Saturday, January 2, 2010


My Life As An Independent Film Producer
by Sidney Pink

I returned to Madrid with all pictures cast, all production preparations in the works, and determined I was through with Westinghouse. Dick Pack was obviously aware I was up to something by the deaf ear I turned to his suggestions and my refusal to return his calls. Jay Shears told him I was making no further plans beyond RAGAN, the last script and cast approved by them. Mitch was receiving daily calls from Dick pleading to be told what we were up to, but to protect Mitch, I kept him in the dark about my future plans.
Mitch informed me he was on the verge of a deal with MGM who would advance the money to develop a script on AUGIE MARCH. He met a young director he felt had the sensitivity to bring the novel to the screen, and he would most likely not stay with us until the last picture of our present schedule was completed. He requested two weeks off to go to L.A. and discuss the deal with MGM and to conclude something with that talented young director, Stephen Spielberg. I agreed, offering to pay for his trip if he could find a promising leading man for A THOUSAND AND ONE NIGHTS.
[Of course, the talented young director is usually known as Steven Spielberg.]
Using our Italian company Domino Films as the official producer, we prepared a five-week shooting schedule for MADIGAN'S MILLIONS in Rome and hired a completely Italian crew with the exception of Macasoli, who was director of photography (the fancy new title the guild had dreamed up for the cameraman). We required a scratch track in sync with the film to make our dubbing job more acceptable. Most Italian actors couldn't speak English, so if we didn't have a soundtrack to guide us, we could never accomplish the quality demanded by American and British audiences. We spent five weeks fruitlessly trying to teach an Italian crew to stay silent while we were shooting, but we did manage to record enough to accomplish the job.
We brought Dustin to Madrid first to establish how the main character should be played, and it didn't take long to find out how unpleasant Dustin was to work with. I wish I could say nice things about him, but in our midst he was nothing but a pain: loud, constantly complaining, and always ready to pick a fight with Stanley Prager, whom he considered totally incompetent. Most of the crew considered Dustin obnoxious, and although they recognized his undeniable talent, his attitude often got in the way...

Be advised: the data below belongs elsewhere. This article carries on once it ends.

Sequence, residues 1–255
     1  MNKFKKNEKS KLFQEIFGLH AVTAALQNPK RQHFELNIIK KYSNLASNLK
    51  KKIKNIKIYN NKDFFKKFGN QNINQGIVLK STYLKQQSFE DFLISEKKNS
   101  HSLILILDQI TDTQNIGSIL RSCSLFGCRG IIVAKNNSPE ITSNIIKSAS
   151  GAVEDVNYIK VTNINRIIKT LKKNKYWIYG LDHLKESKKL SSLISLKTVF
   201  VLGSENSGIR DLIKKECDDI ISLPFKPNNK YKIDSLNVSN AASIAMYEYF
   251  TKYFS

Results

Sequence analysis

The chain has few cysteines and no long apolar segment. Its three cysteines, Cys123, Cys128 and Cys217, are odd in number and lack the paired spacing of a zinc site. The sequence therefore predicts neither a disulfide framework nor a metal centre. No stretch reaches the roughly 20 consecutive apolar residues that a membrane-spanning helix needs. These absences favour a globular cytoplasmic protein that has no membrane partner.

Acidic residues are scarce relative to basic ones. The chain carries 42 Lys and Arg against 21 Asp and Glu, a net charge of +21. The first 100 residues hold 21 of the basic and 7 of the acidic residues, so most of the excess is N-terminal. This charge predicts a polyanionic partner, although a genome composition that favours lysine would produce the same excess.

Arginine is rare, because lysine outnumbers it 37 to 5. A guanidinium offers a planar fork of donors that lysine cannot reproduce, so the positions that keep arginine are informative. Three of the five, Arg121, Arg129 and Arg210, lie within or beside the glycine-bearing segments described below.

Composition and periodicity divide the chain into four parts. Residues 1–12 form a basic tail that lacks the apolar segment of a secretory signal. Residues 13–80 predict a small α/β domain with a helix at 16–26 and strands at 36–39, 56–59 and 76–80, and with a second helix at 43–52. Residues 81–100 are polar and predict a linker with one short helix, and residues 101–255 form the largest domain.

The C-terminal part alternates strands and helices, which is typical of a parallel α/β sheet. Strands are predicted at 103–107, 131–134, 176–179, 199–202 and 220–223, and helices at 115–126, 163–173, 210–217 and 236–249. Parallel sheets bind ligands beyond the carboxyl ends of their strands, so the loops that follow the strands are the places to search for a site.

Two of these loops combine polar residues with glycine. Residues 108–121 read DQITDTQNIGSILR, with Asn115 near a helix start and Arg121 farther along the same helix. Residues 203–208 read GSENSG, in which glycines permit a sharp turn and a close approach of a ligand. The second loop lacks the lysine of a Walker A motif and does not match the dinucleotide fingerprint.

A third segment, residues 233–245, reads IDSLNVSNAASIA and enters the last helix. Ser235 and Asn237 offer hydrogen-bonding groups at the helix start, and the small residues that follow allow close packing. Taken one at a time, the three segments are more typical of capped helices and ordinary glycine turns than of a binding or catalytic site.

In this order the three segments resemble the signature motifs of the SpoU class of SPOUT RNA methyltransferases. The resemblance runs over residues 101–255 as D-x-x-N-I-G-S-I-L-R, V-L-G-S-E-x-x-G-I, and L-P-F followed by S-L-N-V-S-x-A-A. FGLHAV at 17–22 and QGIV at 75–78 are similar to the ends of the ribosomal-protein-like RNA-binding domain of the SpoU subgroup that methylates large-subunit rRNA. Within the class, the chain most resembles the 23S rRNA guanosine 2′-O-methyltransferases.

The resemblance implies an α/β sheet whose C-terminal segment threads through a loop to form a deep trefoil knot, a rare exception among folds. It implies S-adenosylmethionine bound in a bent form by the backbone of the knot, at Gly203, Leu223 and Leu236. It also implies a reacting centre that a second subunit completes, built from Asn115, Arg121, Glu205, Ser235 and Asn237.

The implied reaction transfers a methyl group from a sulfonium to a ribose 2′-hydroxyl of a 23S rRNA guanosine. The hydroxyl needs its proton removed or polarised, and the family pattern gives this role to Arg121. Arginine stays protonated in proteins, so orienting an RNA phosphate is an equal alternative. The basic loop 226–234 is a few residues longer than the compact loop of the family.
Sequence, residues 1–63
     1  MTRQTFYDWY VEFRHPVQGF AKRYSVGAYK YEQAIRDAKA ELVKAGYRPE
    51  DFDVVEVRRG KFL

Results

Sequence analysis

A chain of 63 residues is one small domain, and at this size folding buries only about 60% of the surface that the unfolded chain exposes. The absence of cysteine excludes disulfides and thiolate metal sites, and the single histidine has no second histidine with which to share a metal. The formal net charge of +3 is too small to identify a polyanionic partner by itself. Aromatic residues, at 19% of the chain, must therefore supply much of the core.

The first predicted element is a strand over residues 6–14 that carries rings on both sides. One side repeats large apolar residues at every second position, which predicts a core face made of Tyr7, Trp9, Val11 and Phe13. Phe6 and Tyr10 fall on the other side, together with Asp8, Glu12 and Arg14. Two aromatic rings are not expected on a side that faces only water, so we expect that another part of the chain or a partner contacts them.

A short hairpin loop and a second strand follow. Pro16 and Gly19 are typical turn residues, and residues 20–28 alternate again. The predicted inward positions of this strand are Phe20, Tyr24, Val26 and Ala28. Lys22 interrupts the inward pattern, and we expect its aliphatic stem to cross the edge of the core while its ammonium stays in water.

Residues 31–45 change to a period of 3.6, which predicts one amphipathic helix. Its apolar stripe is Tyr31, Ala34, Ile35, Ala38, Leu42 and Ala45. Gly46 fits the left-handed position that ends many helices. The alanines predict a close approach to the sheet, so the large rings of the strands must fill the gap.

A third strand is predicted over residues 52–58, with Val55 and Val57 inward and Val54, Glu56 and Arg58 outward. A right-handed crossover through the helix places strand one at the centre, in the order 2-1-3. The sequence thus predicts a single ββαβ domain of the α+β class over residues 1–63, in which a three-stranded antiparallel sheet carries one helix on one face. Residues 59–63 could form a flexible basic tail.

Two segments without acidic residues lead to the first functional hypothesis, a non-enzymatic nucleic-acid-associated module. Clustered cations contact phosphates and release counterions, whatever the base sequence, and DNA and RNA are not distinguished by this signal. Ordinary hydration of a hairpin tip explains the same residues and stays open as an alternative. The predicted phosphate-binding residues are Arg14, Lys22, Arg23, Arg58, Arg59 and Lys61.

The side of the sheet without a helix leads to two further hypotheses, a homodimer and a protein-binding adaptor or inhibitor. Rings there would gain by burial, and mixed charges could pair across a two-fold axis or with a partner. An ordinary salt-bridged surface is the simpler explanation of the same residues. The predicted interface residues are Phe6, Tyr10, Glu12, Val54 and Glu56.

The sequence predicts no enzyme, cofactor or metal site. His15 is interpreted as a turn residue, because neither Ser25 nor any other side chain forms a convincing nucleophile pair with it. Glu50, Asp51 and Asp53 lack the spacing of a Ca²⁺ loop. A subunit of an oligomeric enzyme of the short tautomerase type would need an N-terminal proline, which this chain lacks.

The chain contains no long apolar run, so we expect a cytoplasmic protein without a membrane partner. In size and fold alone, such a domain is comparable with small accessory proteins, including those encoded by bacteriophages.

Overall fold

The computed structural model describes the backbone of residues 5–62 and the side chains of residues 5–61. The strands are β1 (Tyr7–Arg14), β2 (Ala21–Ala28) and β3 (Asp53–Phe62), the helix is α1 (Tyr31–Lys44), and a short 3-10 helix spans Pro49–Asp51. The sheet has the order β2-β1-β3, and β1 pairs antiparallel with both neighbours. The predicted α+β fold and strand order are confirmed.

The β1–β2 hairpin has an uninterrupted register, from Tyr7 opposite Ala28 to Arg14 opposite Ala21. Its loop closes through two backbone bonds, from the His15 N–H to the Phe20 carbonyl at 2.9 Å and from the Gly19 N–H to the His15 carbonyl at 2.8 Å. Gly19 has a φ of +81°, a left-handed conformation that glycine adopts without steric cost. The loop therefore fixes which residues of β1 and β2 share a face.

Those five weeks were pure misery. I had to remain close by every day in order to make certain there would be no repeat of the fracas I had seen develop. We had some very good Italian actors on the set, including Riccardo Garrone who played a comedy gangster in real style, and he was a joy to watch. His scenes with Dustin were truly funny, the only bright spots in what should have been a fun picture.
We were unable to get a date from George Raft when he would be available to shoot his part... The sequence could easily be shot in two mornings, but not without George Raft.
There must be some truth in the axiom that the good Lord keeps an eye on children, drunks, and fools, because I found my way out only after the gloom of despair had almost turned me into gelatin. I was pondering a sudden exile to China when I suddenly remembered I had a friend in Hollywood who could possibly get us out of this mess. Cesar Romero had told me that if I ever needed him and he was available, I could count on him.
My urgent plea for help on a desperate long-distance phone call gave Cesar the opportunity to prove again what a compassionate and warm human being is. He was the savior for my "sick flick". Cesar agreed to do it and didn't even ask, "How much?" He came to Rome on a weekend and did such a marvelous job that his performance stands out as the highlight of an otherwise lackluster picture. It proves that a man is judged by his deeds and not his doubts. This is why to this very day, Cesar Romero (now nearly eighty) is still very popular and still working; his class stands out as a beacon for others to follow.
The difference between Cesar Romero and the Dustin Hoffman we knew was as stark as black versus white. The memories Dustin left with us were sick and sorry.

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